National Parks in Japan Have Installed WiFi Stations to Encourage People to Work Outside

Lizzy Rosenberg - Author

Sep. 29 2020, Updated 10:37 a.m. ET

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Regardless of your job or the size of your home, there's definitely no denying that doing remote work for the last several months has been incredibly tedious. However, amid the ongoing pandemic, National Parks across Japan are now encouraging locals to do their remote work outside — immersed in nature — by implementing "work stations" in hotels and at campsites, to experience nature from 9 to 5, which have been deemed "workations."

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“We want people to engage in remote work while relaxing in an environment away from their usual daily life,” said an official from Setonaikai National Park's Kyukamura Kishu Kada resort hotel, according to Japan Times. That being said, we're absolutely dying to do this, like, ASAP.

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Here's how people in Japan are getting their midday nature fixes, without taking any PTO.

Although most of your vacations in 2020 have most likely been canceled this year, a number of National Parks across Japan, including Setonaikai National Park, Aso-Kuju, and Nikko have implemented a "workation" program to enable residents to do their work while relaxing among the trees. According to Travel + Leisure, several parks now have WiFi access points, rentable workstations, and charging stations at campsites and hotels, courtesy of the Japanese Environmental Ministry.

The workation program was initially trialed at the beginning of the year in spring 2020, and it was brought back a few months later, in September.

“We want people to engage in remote work while relaxing in an environment away from their usual daily life,” an official at the Kyukamura Kishu Kada resort hotel at Setonaikai National Park told Japan Times.

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“We would like to offer a plan in which guests can work in the morning and enjoy activities such as trekking and canoeing with their families in the afternoon," they continued.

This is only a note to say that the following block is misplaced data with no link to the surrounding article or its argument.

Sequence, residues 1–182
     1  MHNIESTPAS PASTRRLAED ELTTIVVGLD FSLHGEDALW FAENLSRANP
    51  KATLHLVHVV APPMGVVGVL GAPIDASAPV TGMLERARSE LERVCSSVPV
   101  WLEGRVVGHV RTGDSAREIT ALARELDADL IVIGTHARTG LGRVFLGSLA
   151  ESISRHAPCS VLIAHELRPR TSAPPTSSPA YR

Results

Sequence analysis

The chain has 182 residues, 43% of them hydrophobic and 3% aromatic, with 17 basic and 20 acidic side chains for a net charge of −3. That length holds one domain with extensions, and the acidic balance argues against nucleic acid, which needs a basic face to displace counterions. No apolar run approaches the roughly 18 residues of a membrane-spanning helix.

It's really too bad that international travel restrictions are preventing U.S. citizens from visiting Japan, because this sounds like a WFH dream come true.

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Many other countries leaning into "working holidays" during the pandemic.

Japan isn't the only country encouraging its residents to work from the outdoors during the ongoing pandemic. According to Insider, Bermuda has opened a year-long residency for those interested from working remotely from the beach. Those interested must be at least 18 years old with health insurance, and proof of employment, to bring economic activity and to augment its tourism industry.

Barbados is also offering U.S. residents a 12-month long "Welcome Stamp," which enables workers to relocate to and work from the sunny island. With the fastest fiber internet and mobile services in the Caribbean, as well as a number of flexible office options, there are so many places to work, relax, and — most importantly — get your Vitamin D fix.

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As we said previously, doing all of our work from home can get seriously wearisome, but taking a Zoom meeting while sitting in the middle of the woods truly sounds like our dream work day. If we could travel anywhere right now, we would definitely take a "workation" in Japan.

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